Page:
Since the Senate’s budget bill passed with seven Democrats’ support, the governor has focused most of his attention on public school funding, including teacher pay.

Cooper, who declared an actual state of emergency during the coronavirus pandemic, said Monday in a video recording that there is also a “state of emergency” in public education funding. He focused on taxypayer money Republicans want to give to private schools through the Opportunity Scholarship Program. The program is in the Senate budget and a House bill. Cooper has visited elementary schools in Raleigh and Charlotte this week to highlight the need for public education funding in the budget. His budget proposal this year called for 18% raises for teachers and 8% for state employees.

In a statement to reporters Wednesday, Superintendent of Public Instruction Catherine Truitt, a Republican, said that increasing pay would help reduce the vacancy rate and turnover for both state employees and teachers.

Truitt said the work of state employees at the N.C. Department of Public Instruction makes the agency “better equipped to raise the quality of education in North Carolina for all K-12 learners,” and that recruitment and retention efforts must be prioritized.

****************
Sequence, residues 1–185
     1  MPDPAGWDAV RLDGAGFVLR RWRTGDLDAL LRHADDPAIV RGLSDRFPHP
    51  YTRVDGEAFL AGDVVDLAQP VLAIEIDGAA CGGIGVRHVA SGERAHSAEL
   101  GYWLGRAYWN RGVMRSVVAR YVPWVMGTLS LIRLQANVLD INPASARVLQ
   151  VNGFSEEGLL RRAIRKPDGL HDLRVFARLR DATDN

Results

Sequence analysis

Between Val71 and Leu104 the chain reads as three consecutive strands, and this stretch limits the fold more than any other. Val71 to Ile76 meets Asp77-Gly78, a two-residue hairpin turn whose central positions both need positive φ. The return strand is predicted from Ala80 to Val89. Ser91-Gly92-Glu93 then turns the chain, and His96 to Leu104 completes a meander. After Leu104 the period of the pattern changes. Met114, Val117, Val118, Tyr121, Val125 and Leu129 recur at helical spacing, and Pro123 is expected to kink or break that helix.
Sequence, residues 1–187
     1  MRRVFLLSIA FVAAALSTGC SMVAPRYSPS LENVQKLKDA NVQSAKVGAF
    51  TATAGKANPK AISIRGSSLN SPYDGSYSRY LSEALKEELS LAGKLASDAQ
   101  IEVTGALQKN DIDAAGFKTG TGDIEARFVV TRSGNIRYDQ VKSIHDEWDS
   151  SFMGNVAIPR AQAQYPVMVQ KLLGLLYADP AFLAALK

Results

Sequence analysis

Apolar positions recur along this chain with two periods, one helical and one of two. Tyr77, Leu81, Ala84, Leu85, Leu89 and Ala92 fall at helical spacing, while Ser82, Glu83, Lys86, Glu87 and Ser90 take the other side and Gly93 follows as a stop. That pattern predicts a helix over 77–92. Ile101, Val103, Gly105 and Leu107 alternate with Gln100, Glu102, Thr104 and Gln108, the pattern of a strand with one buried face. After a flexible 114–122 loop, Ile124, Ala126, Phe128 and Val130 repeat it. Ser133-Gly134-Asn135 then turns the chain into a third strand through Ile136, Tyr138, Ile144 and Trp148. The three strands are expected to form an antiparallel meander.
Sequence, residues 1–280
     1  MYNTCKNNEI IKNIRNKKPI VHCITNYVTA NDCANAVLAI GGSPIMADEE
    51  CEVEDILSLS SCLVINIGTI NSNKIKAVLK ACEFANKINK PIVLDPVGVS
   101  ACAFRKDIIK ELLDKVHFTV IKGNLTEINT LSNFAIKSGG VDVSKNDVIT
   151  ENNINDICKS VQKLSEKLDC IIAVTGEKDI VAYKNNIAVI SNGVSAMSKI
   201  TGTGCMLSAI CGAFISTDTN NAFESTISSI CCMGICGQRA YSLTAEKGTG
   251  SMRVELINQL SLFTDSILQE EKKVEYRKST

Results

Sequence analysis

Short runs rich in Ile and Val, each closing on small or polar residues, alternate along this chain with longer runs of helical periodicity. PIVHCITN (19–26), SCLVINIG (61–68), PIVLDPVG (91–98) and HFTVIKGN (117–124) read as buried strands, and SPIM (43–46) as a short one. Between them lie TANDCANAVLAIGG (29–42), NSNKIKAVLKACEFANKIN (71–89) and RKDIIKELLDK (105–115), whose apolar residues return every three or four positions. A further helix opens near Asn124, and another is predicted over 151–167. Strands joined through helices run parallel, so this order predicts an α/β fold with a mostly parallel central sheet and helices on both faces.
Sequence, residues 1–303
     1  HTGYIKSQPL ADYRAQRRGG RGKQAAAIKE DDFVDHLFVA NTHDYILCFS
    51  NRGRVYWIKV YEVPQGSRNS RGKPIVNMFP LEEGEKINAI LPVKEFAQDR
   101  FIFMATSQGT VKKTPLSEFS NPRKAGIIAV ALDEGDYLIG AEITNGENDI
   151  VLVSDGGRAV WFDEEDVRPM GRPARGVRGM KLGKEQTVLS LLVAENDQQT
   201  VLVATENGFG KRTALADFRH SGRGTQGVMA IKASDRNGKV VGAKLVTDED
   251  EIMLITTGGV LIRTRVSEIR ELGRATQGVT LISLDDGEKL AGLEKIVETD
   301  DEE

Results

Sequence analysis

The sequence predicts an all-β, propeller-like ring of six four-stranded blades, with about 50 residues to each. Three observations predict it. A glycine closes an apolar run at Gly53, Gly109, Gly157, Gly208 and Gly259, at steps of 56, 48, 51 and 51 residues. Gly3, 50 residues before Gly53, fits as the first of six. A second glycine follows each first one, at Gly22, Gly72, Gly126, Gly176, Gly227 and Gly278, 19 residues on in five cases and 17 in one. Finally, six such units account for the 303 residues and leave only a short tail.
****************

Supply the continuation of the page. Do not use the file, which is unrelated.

“I remain optimistic about the forthcoming conference budge and believe that increasing compensation for state employees, including teachers, would greatly help to reduce vacancy rates and first year turnover,” Truitt said. “A meaningful investment in the state’s workforce now — both for state employees and teachers — would produce tangible benefits for decades to come.”

Dobson is not seeking reelection, nor running for another office in 2024. He said he has no political agenda for pushing for state employee raises, but just wants to support state employees at his agency and others “who work hard every single day.”

“Now, I’ve been in the room (as a House member) when the budget decisions are being made,” Dobson said. “So I know what a tough job it is to have a lot of competing interests. I appreciate the work the House and the Senate have done so far, and I’m confident and hopeful that they will come together to do what they can for all hardworking state employees.”

The compromise budget, which will have the final say on raises, is expected by mid-June.